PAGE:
Dylan Lewis: All right, Brian, putting all this together, we have worked our way out of the IPO winter, so to speak. We've had some big names come public like Cava. But the market is always hungry for new names, always looking for new businesses. As this one comes public, is this one that you're interested in.

Brian Feroldi: You have to channel my inner Jim Gillies here. I would be interested in this company at the right price. I never buy IPOs, and I was burned a couple of years ago by being super interested in bullish on Pinterest when it came public, and that company has really struggled on the public market. If the numbers that we see are to be believed, this company's becoming public at a valuation of about 8X sales or 10 times gross profit. That's not extreme, but we don't know what the first-day pop is going to be for this business. At the right price, I might be interested, but I never buy IPOs. I give them at least a year to see how they actually perform. But if this company outperforms expectation and comes on the right price, I could see myself taking a position.

Dylan Lewis: Since you mentioned Pinterest, I do want to walk through what the cautionary tale there looks like. What was the thesis and what went wrong, and what can we learn there as we look at Reddit here?

Brian Feroldi: Pinterest was my wife's favorite company. She used it all the time and it was a social media platform that had a lot of positives to it. A core, a user base, a very friendly platform. It was a natural place to go from being a core lurker to someone that would make a purchase. That was very much what the platform was about. What they struggled with was growing the user base and then increasing their average revenue per user. A big part of the thesis was, there were like one-tenth of the rate that Facebook was, and if they can just get to a third of the rate of Facebook, that would lead to tremendous upside growth. They've made some progress on that front, but it hasn't been as easy as I assumed it was going to be. I could very much see Reddit having that same promise, but also having that same struggle.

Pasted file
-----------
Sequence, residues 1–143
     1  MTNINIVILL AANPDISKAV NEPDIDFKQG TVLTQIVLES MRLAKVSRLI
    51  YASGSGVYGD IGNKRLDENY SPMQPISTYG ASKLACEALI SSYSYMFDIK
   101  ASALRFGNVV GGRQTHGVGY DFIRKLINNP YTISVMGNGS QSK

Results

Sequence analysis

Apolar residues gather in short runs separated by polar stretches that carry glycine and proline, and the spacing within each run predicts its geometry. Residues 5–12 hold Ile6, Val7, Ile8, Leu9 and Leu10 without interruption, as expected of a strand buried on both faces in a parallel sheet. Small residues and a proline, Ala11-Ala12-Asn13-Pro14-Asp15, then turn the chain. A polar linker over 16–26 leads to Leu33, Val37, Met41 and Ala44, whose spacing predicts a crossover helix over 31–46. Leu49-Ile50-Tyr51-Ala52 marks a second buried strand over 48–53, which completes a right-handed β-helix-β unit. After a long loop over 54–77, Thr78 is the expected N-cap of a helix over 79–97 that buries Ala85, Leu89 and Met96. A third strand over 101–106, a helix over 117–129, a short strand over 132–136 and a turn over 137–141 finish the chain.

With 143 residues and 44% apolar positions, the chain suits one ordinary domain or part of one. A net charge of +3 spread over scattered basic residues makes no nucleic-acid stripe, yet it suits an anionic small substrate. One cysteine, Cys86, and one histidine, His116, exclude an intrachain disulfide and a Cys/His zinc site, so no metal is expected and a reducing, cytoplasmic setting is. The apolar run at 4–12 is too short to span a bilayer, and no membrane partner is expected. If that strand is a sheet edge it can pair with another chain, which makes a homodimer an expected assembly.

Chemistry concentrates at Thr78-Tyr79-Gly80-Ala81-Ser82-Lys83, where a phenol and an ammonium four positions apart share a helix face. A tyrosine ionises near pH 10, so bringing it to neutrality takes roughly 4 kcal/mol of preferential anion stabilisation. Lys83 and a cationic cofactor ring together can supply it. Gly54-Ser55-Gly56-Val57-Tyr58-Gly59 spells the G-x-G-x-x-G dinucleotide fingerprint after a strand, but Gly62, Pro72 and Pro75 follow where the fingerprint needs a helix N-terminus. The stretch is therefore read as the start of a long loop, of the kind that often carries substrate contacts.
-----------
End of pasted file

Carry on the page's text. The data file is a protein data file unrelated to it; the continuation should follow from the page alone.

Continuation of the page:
Dylan Lewis: Brian Feroldi, thanks so much for joining me today and talk me through this prospectus.

Brian Feroldi: Always a pleasure to be here Dylan.

Dylan Lewis: Listeners, if you've got a company you want us to do a 15-minute Dive Into, let us know. Write in at Coming up next, Emily Flippen and Jason Moser return with a couple of stocks on their radar. Stay right here. You're listening to Motley Fool Money. As always, people on the program may have interest in the stocks they talk about and the Motley Fool may have formal recommendations for or against. Don't buy or sell anything based solely on what you hear.

I'm Dylan Lewis, joined again by Emily Flippen and Jason Moser. We've got stocks on our radar coming up in a minute. But first, pour some melted ice cream out for Unilever. The consumer giant announced plans to cut 7,500 jobs and it will also be spinning out its ice cream unit, which is the home of Ben and Jerry's. Jason, are you surprised to see Unilever moving away from ice cream and such a big brand like Ben and Jerry's.